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Letter to mother describing calling on other students, eating dinner in a friend's room with gold and silver dishes, working on forensic, upcoming party for sophomores, and tailoring her blue suit.


P.S. Please don't send the atomizer, I haven’t any possible place to put it. But I could use bed-slippers now. 206 College Hall, Wellesley Massachusetts, 8 October, 1911 Dear Mamma,- Just a few minutes at the end of a busy day are left for letter-writing. This afternoon as soon after dinner as the music was over, we started out and made calls on a lot of people on the campus, and a couple of Freshmen in the village. When we got back we went up in Nell’s room, where we all got supper in chafing dishes, and rushed from there to [page 2] chapel, which was musical vespers. There was a big crowd and we had to sit on the back seat. Since then we have been hanging around [illegible], watching the men. Our supper up in Nell’s room was delicious. She had a chafing dish, tea-kettle, etc. which her sister left her, and they have bought some china and silver. We had creamed salmon on toast, then apple salad, cinnamon toast, and tea. The dishes haven't been done yet, and we have a guilty feeling that we ought to go up and help do them. Julia's brother and another man came out unexpectedly, so they have all gone [page 3] off somewhere. We have decided not to to go in town to-morrow, as we went to work on our forensics (Big Sophomore Theme). We intended to work at them yesterday, but Esther was seized with a raging headache so we didn't do anything. To-morrow night there is to be a big party in College Hall for the entertainment of the Sophomores. We are consumed with curiosity as to what it will be like. I think it's queer that you haven't had my letters as promptly as usual. I've certainly mailed them at the usual times. You must know by this time how much we do [page 4] enjoy that Morris chair. It's a perfect beauty, and the cushions are the softest we ever sat in. I was very much surprised to see by the paper that M.J. Hill is to be located at [illegible]. I thought he was going into Evangelistic work. I spoke to Esther about my blue winter suit. She said it would be nice if I could have the collar and cuffs taken off, and new ones of black satin put on, the collar with the wide lapels and sailor effect that are so fashionable now. What do you think? Then to get a plain black felt hat and she will trim it with the blue velvet and persian which I have. Mustn't write more now. With heaps of love, Mary.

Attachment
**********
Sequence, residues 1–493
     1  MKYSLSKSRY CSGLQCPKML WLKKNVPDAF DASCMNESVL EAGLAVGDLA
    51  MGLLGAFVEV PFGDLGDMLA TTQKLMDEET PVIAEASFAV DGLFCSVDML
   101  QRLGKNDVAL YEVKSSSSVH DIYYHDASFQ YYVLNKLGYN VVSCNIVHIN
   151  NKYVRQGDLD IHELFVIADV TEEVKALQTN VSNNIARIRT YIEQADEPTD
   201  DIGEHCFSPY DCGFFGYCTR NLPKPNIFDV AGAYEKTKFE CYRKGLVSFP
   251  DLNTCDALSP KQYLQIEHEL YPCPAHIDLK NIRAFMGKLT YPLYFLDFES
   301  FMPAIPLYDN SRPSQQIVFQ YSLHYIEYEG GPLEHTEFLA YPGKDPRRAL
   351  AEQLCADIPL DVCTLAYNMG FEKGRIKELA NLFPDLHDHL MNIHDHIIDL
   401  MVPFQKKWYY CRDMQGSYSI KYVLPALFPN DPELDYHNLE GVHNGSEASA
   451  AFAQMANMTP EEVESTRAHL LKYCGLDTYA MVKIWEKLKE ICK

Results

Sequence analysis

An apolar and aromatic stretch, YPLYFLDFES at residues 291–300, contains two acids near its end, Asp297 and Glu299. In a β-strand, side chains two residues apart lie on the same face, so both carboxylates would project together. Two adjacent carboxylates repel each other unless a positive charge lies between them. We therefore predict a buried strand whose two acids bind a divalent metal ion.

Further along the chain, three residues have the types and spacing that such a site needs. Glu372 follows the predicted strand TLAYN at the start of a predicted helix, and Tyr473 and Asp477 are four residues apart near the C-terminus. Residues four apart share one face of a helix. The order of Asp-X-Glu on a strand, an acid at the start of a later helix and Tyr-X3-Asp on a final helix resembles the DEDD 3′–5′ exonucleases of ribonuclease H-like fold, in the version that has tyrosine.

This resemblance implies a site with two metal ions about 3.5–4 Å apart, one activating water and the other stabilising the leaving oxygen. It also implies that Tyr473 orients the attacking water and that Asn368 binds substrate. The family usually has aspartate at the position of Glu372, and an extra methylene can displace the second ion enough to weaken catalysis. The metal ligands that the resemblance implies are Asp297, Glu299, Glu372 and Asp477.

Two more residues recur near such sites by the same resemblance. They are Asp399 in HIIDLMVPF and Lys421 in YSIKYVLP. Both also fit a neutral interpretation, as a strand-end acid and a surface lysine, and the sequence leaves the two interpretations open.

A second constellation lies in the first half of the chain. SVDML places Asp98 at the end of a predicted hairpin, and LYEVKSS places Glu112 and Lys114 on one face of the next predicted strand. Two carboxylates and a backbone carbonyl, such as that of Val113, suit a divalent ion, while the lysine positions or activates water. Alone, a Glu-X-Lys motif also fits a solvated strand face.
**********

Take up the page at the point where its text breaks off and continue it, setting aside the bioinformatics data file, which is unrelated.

Wellesley, Massachusetts


Dress;Student Life


Dinners and dining; Parties; Clothing and dress; College Hall

Letter from Mary Rosa, Wellesley, Massachusetts, to her mother, 1911 October 8



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